Los Angeles, California (CNN) -- Jurors in the drug trial of Anna Nicole Smith's boyfriend-lawyer Howard K. Stern and two doctors begin deliberations Tuesday morning.
The case raised questions about ethical boundaries in a doctor-patient relationship, the prescribing of painkillers and anti-anxiety medicines and the use of fake names when treating celebrities.
The prosecution alleged that Stern and Drs. Sandeep Kapoor and Khristine Eroshevich conspired to feed the reality TV star and Playboy model's drug addiction and using false names to obtain the drugs over the last three years of her life.
They are not charged in Smith's February 2007 death in a Florida hotel, which a medical examiner ruled was an accidental overdose of a sleep aid combined with a viral flu.
While the prosecution presented nearly two months of testimony, the defense called only one witness -- an expert who concluded that Smith suffered from chronic pain, depression and anxiety, not drug addiction.
Los Angeles County Superior Court Judge Robert Perry suggested during the trial that prosecutors fell short of proving Smith was a drug addict as defined by California law.
The defense argued her drug dependency was legal since it was for legitimate medical purposes, including for treatment of her pain and anxiety.
Jurors saw photos of Eroshevich naked with Smith in a hot tub at her Bahamas home months before her death.
"She is writing prescriptions to keep Anna Nicole euphoric, not to treat a medical condition," Deputy District Attorney David Barkhurst said.
Barkhurst read entries from Kapoor's personal diary, written after he and Smith rode together in a gay pride event.
"I was making out with Anna, my patient, blurring the lines," Kapoor's personal journal said.
The prosecution said the doctors never said no to Smith's drug seeking because they wanted to be part of her celebrity entourage.
Kapoor began treating Smith in April 2004 after he bought the practice of Dr. Victor Kovner, who had been Smith's doctor for the three previous years.
His painkiller prescriptions were written with the name Michelle Chase, an alias he inherited from Kovner. Evidence showed it was a Burbank hospital that originated the usage of the fake name.
Prosecutors argued the false names were used by Stern and the doctors to hide excessive prescriptions from the state's computer system that monitors drug usage.
The defense said it is a common practice in Hollywood, used to protect celebrities' privacy from prying tabloid reporters.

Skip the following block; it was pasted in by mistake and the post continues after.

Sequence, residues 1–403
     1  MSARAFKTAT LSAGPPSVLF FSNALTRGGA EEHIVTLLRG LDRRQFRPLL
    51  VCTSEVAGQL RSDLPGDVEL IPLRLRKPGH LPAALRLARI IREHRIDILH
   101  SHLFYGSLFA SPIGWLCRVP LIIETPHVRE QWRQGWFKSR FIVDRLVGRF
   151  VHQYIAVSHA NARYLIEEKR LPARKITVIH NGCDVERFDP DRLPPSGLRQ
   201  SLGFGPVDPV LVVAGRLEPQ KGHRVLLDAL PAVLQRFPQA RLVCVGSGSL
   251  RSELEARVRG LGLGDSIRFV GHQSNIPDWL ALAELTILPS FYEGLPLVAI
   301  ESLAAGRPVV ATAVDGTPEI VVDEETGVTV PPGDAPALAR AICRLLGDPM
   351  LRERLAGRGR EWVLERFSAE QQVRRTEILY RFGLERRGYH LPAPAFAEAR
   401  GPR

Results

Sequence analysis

A long list of other doctors who treated Smith wrote prescriptions in other names, including physicians who treated her at Cedars-Sinai Medical Center seven months before her death, Kapoor defense lawyer Ellyn Garofalo said.
Eroshevich, a psychiatrist, became friends with Smith because they were next-door neighbors in Studio City, California.
She flew to Smith's side in the Bahamas when her 20-year-old son died in the same hospital room where Smith was recovering from the birth of her daughter three days earlier.
The prosecution argued Eroshevich had no business traveling to another country to treat a patient when there were plenty of doctors in the Bahamas.
"Life happens," Barkhurst told jurors in his closing. "People suffer losses."
Stern defense lawyer Steve Sadow said Barkhurst "trivialized and belittled Anna's heartbreaking loss" by arguing Smith's physical and emotional pain after a C-section delivery and her son's death did not justify the drugs she was given.
"The best of times became a horrible nightmare, a nightmare that Anna never escaped," Sadow said. Smith died five months later.
During the trial, prosecutors showed a 13-minute video of Smith bathing with her infant daughter months before her death to support their argument that Smith's speech was slurred and her mind was groggy from drugs.
Jurors were not allowed to see the video, which also shows Smith talking in a childlike manner during a birthday party for a 9-year-old girl.
The defense does not deny that Smith took a lot of drugs, but it says the doctors were treating her for chronic pain that other doctors had also diagnosed.
The prosecution's case was hampered by several key witnesses' recanting details of earlier statements, including a former nanny who said she never saw Stern injecting Smith with a needle.
Judge Perry hinted that if the defendants are found guilty, he would consider "possible selective prosecution issues" when sentencing them. He would have the power to reduce most of the charges to misdemeanors.